perform well, yeast must be allowed to respire, consume and reproduce.
If yeast is to do all that we
demand, certain care must be taken, especially during storage. This
5-step regime removes waste products, kills bacteria and ensures robust
yeast health. You will be rewarded with more consistent
fermentation, better-tasting beer and a greater number of generations from
yeast immediately after final gravity has been reached, before diacetyl
Even if it is kept very cold, yeast should not be stored
on the cone or under beer. To yeast, beer is a nutrient-poor waste
product, and forcing it to reside there may cause the viability to drop
precipitously (over 50% within 48 hours), no matter how cold it is kept!
Sterilize valves with 70% alcohol and flame, and
sanitize any hoses, utensils and storage containers to be used.
Catch the MIDDLE LAYER of yeast in a storage container as follows,
discarding top and bottom layers:
CONICAL vessels require draining the bottom trub-filled layer
until good color and consistency is seen.
ROUND vessels require manual harvesting with a paddle (layers
mix if allowed to drain through the valve).
Thoroughly degas yeast by shaking storage container and allowing gas to
escape through lid.
2) Clean the
often occurs during transferring and handling, so it is wise to treat the
yeast once it has been harvested and safely contained. Do not use
the standard acid-wash, for it often leaves live bacteria behind and
lowers yeast viability. Use the chlorine dioxide method given below,
which has proven to be both extremely effective on all types of brewing
bacteria and yet gentle enough on brewing yeast to use every harvest (see
Sep/Oct '98 issue of The New Brewer for details).
gallon of yeast, acidify about 100ml of water with a pinch or splash of
citric or lactic acid.
For every gallon of yeast, add 2ml* sodium chlorite to the acidified
When concoction turns a very pale yellow (may take a minute), add to the
yeast slurry, mixing well.
Allow to sit for a minimum of 30 minutes (longer reaction time ensures
effectiveness) before using.
*Available from BIRKO as DioxyChlor™
at (800) 525-0476 and Five Star as Star-Xene™
at (800) 782-7019.
3) Feed the yeast
(if to be pitched within 48 hours, skip the feeding and store at 34°F/1°C).
It has been
under pressure and awash in its own waste products -- alcohol and carbon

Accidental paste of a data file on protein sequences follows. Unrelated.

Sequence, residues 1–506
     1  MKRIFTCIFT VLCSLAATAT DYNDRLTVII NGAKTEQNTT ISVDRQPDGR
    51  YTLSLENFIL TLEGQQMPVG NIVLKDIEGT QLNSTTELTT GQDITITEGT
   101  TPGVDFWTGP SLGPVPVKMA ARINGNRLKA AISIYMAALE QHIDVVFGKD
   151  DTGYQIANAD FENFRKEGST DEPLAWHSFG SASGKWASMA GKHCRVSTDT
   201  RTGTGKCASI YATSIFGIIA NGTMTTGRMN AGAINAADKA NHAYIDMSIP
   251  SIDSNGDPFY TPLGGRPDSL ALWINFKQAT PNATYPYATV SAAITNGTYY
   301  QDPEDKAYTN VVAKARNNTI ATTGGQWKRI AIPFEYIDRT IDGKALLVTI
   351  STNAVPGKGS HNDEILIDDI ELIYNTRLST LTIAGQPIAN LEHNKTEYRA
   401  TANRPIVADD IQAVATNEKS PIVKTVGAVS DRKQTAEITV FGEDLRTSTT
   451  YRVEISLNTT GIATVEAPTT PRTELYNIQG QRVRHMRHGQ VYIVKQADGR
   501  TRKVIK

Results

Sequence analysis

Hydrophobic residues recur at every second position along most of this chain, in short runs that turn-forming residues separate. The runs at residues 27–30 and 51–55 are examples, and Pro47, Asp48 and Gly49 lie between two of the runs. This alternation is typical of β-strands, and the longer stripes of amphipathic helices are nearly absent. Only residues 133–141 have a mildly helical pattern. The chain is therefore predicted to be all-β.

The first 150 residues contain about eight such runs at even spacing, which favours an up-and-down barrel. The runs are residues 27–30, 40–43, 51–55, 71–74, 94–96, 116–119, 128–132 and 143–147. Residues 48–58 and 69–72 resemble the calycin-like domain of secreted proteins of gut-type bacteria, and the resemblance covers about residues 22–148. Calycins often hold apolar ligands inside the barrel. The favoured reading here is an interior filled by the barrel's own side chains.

dioxide -- so it is not in tip-top condition. Add a volume of
sterile, aerated wort equal to the volume of the slurry.
No need to mix; the yeast will resuspend itself in the wort. Do not
seal yeast container.
4) Store at 34°F/1°C.
Washed and fed
yeast will retain high viability for 2 weeks at this temperature.
Warmer temperatures will decrease storage times. If your cold room
maintains temperatures higher than 34°F/1°C, you must either place the
yeast storage container in an ice bath in the cold room (which maintains
an ideal temperature as long as ice is present), or you must feed the
yeast more often. If storage times of more than 2 weeks are desired,
drain old wort off the yeast bed and replace with fresh wort every 2
5) Test your
slurry before pitching.
Don't brew blind-folded! Check viability, cell count
and purity. See our
Laboratory Handbook for easy-to-follow procedures. Use our free
Pitching Rate Calculator.
AND FEED YEAST CARE KIT- $30
Why hose that perfectly good yeast down the
drain just because the next brew day is too far out? This unique
product allows you to prepare yeast for weeks of storage in 30 minutes flat.
Using pre-measured quantities of sterile cleaning and feeding solutions,
this simple, two-step process allows you to "clean" the slurry
with activated chlorine dioxide to kill any bacteria present, and
to "feed" the yeast with sterile, concentrated wort. Then,
store the slurry at 34°F/1°C, until needed, for up to 2 weeks.
Treatment can be repeated innumerably. Treats the quantity of yeast
cropped from a 10-bbl batch.
To order visit our